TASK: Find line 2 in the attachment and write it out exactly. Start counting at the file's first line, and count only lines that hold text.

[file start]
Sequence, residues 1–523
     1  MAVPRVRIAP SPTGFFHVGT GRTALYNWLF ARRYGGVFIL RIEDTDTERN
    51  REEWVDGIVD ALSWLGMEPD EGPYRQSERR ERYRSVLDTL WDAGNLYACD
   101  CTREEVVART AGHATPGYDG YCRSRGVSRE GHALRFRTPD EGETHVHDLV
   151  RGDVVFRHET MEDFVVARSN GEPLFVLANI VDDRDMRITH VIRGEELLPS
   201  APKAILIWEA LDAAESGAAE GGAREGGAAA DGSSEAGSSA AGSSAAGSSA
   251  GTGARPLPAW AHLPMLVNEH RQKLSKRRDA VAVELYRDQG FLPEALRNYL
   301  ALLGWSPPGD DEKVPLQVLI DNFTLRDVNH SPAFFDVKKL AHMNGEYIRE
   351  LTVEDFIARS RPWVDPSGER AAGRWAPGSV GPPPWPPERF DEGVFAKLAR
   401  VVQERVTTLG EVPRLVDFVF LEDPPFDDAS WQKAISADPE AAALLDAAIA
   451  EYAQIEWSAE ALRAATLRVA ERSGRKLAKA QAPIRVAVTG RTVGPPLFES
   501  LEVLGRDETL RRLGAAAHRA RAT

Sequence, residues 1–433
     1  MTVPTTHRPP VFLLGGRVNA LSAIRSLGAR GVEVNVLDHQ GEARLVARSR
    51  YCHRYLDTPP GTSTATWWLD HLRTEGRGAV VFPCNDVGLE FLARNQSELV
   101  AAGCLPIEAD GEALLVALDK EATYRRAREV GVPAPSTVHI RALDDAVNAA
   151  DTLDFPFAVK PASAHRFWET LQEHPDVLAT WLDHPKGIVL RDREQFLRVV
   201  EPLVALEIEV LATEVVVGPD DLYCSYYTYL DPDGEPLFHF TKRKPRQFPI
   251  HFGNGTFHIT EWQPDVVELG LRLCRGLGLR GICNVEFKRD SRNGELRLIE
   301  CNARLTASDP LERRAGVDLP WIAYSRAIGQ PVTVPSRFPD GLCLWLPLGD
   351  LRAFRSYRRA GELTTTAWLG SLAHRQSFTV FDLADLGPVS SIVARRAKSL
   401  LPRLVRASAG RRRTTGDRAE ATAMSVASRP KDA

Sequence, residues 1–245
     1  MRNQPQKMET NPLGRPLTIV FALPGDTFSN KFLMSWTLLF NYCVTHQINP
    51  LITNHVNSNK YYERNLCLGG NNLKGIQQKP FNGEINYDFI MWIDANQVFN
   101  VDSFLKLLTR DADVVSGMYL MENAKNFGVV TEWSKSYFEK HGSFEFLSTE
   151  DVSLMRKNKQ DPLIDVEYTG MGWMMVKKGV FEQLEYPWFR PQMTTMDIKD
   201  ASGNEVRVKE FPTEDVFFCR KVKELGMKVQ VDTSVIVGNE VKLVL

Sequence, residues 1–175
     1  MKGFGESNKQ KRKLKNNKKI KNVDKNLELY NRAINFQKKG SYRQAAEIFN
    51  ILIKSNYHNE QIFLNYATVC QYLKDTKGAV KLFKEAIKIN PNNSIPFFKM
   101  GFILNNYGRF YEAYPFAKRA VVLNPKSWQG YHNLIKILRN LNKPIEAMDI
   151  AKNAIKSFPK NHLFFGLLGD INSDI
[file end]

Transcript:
     1  MAVPRVRIAP SPTGFFHVGT GRTALYNWLF ARRYGGVFIL RIEDTDTERN